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November 22, 2005


Contact:  Claire Duggan:  (202) 994-0616;

               Wendy Carey:  (202) 994-3087;   



WASHINGTON - Judge Thomas Buergenthal, The George Washington University Law School Lobingier Professor Emeritus of Comparative Law and Jurisprudence, was re-elected on November 7 to serve on the International Court of Justice, the principal judicial organ of the United Nations. The court settles legal disputes submitted by states and gives advisory opinions on legal questions referred by international agencies. Buergenthal is the sole American on the court, composed of 15 members that are elected to nine-year terms by the United Nations General Assembly and Security Council. He has been serving on the court since 2000.


"We are delighted that the United Nations Security Council and the United Nations General Assembly re-elected our valued friend and colleague Thomas Buergenthal to the International Court of Justice," said GW Law School Dean Frederick M. Lawrence. "Tom is a distinguished international jurist who brings a rare combination of intellectual rigor, compassion, and wisdom to all his work, and we at GW are enormously proud of his accomplishments."

            Over his career, Buergenthal has been a world leader in promoting international human rights law. Since beginning his academic career in 1961, he has been instrumental in introducing international human rights law as a standard offering in the curricula of
U.S. law schools. He is the author of more than a dozen books and numerous articles on international and human rights topics.  He joined the GW faculty in 1988 and served as the Lobingier Professor of Comparative Law and Jurisprudence. During his tenure, he directed GW's nationally recognized International and Comparative Law Program. Previously, Buergenthal served as dean of the American University Washington College of Law and has held endowed professorships in international law at the University of Texas and Emory University.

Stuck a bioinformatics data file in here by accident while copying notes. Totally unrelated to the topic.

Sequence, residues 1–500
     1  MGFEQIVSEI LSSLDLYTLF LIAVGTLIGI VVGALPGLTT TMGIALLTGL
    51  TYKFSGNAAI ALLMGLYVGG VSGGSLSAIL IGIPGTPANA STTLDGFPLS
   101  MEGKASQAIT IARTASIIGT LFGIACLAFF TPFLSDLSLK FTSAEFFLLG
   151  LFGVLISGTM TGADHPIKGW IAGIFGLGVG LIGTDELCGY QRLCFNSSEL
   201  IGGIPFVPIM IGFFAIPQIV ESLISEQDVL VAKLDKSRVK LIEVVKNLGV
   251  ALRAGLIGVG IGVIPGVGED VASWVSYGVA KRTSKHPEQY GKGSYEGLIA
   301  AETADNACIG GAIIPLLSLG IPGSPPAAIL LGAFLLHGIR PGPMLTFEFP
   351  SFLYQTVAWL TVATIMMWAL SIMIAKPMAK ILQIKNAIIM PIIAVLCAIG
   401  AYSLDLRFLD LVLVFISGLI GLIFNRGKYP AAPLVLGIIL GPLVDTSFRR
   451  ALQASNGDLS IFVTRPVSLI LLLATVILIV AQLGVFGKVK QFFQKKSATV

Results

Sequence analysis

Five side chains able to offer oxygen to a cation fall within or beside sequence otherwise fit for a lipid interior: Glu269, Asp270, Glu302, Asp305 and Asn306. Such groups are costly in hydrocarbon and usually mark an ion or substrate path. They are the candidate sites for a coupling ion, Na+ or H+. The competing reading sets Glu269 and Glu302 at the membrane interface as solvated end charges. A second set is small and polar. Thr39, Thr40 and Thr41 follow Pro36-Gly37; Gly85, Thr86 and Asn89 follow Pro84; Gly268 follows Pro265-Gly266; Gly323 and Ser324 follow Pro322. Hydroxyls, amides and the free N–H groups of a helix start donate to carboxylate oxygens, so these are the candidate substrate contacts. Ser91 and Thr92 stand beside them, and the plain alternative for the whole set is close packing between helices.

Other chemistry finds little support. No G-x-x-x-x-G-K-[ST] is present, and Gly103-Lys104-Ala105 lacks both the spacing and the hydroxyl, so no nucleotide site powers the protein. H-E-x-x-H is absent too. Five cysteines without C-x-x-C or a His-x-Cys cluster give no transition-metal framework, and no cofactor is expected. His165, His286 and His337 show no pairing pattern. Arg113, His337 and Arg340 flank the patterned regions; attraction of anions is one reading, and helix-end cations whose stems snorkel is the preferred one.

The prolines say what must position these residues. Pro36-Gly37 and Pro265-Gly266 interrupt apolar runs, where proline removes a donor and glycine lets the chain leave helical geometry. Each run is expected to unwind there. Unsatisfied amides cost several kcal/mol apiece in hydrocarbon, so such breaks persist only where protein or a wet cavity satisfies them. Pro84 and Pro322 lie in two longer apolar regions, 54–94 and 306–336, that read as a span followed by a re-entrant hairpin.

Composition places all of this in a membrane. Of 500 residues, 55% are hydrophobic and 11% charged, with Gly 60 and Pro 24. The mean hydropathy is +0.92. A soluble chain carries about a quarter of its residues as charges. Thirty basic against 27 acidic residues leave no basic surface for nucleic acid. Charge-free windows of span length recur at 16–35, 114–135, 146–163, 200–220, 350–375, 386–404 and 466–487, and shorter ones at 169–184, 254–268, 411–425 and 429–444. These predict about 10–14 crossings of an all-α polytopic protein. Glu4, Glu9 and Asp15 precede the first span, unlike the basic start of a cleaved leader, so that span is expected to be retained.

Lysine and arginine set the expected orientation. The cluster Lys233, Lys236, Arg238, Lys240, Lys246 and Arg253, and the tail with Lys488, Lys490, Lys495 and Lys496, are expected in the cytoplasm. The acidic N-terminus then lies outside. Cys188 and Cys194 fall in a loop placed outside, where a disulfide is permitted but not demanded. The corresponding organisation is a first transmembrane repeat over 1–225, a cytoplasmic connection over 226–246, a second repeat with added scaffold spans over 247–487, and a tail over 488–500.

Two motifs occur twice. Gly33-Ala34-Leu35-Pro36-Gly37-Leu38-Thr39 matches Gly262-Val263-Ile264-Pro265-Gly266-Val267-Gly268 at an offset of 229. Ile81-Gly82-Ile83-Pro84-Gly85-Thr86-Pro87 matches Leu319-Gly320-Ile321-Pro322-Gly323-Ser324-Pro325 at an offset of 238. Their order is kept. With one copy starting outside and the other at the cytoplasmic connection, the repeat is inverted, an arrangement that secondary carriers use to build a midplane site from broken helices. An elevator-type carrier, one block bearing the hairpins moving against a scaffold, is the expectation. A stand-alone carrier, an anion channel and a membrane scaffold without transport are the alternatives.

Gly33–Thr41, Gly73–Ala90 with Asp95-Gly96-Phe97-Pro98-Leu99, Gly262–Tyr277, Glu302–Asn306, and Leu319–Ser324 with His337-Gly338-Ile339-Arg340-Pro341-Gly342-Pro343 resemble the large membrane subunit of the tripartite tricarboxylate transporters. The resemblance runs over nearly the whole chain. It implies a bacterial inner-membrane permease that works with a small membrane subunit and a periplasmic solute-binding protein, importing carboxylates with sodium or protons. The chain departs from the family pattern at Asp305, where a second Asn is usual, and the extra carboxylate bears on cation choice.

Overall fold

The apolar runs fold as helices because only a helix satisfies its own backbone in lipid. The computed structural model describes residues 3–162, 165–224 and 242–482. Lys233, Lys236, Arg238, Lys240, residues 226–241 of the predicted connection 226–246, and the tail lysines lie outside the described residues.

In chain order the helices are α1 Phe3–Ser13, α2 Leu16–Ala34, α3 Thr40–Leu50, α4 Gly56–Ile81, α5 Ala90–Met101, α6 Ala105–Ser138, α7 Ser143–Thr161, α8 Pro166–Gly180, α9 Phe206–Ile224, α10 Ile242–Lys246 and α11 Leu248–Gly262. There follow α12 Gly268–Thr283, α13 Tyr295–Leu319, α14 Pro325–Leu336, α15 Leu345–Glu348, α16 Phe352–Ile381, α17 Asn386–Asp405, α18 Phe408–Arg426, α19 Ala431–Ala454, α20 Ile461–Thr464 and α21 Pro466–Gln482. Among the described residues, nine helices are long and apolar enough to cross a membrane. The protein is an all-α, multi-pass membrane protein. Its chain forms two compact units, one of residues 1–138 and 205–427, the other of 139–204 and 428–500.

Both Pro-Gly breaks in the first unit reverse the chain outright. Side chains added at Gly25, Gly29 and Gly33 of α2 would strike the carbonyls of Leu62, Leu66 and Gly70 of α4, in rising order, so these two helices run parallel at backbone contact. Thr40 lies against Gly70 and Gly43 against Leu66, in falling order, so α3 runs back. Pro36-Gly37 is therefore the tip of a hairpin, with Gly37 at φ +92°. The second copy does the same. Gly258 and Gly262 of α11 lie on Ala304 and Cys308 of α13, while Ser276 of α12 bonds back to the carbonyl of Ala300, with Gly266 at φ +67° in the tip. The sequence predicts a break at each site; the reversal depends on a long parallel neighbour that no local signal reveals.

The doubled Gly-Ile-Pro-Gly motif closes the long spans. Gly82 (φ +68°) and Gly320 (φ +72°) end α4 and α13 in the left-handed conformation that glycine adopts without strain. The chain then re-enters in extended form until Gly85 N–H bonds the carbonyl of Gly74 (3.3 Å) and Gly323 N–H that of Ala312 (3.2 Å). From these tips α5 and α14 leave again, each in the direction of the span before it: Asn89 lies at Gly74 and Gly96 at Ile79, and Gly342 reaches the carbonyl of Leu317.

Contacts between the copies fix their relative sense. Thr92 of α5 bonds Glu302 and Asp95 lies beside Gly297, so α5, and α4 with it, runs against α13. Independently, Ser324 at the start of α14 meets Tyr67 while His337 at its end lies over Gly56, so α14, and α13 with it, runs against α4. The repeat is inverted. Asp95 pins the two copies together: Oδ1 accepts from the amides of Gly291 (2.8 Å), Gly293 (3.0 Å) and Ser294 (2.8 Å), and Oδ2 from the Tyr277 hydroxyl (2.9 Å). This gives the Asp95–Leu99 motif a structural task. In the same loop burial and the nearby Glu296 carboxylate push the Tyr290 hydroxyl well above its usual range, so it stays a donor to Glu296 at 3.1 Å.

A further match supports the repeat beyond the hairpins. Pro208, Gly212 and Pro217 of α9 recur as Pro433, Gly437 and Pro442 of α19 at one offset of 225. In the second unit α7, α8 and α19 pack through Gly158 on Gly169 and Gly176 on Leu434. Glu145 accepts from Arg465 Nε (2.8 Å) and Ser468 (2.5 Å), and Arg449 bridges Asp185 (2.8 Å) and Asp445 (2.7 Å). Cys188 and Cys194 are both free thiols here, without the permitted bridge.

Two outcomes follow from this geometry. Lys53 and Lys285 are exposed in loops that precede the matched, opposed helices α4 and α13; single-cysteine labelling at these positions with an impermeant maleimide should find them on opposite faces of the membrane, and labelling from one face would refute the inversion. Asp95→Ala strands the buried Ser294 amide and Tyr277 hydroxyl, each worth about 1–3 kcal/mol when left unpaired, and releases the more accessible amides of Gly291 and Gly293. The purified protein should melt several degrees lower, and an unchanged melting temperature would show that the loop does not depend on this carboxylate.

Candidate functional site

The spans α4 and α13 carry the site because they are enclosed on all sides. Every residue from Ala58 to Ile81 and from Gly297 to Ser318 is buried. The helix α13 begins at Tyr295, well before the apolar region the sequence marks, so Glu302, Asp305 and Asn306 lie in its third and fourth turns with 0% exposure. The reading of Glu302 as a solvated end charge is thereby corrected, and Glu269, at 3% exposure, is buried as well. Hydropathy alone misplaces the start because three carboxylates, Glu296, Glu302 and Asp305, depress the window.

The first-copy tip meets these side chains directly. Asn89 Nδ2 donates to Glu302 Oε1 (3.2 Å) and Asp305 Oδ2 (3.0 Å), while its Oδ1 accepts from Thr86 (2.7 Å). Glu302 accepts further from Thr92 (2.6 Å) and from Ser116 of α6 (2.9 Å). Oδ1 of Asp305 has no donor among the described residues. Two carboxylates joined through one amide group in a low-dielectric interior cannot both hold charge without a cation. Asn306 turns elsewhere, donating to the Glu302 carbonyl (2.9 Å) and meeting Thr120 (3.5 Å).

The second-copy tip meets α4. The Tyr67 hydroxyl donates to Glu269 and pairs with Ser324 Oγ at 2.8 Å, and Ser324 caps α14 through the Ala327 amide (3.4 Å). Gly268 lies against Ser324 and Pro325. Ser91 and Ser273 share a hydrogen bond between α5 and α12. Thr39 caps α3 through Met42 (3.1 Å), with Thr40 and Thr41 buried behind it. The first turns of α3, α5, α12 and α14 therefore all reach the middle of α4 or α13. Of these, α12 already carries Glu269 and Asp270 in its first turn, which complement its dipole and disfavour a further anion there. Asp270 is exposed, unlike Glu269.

Buergenthal's judicial career includes service as president of both the Inter-American Court of Human Rights and the Administrative Tribunal of the Inter-American Development Bank. He was a member of the United Nations Truth Commission for El Salvador and the U.S. national member of the United Nations Human Rights Committee. Buergenthal also served as vice chairman of the Claims Resolution Tribunal for Dormant Accounts in Switzerland. He was recently named to the Ethics Commission of the International Olympic Committee.

            One of the youngest survivors of
Auschwitz and Sachsenhausen, the Czech-born Buergenthal immigrated to the United States in 1951. He received his J.D. from New York University, where he was a Root-Tilden Scholar, and his LL.M. and S.J.D. from Harvard University. He holds honorary doctorates in law from, among other universities, The George Washington University, University of Heidelberg, Germany, and Free University of Brussels, Belgium.


            The international law program at the GW Law School is ranked among the top ten programs in the nation according to U.S. News & World Report's graduate school rankings. Accredited by the American Bar Association and a charter member of the Association of American Law Schools, the law school enrolls more than 1,800 students each year.

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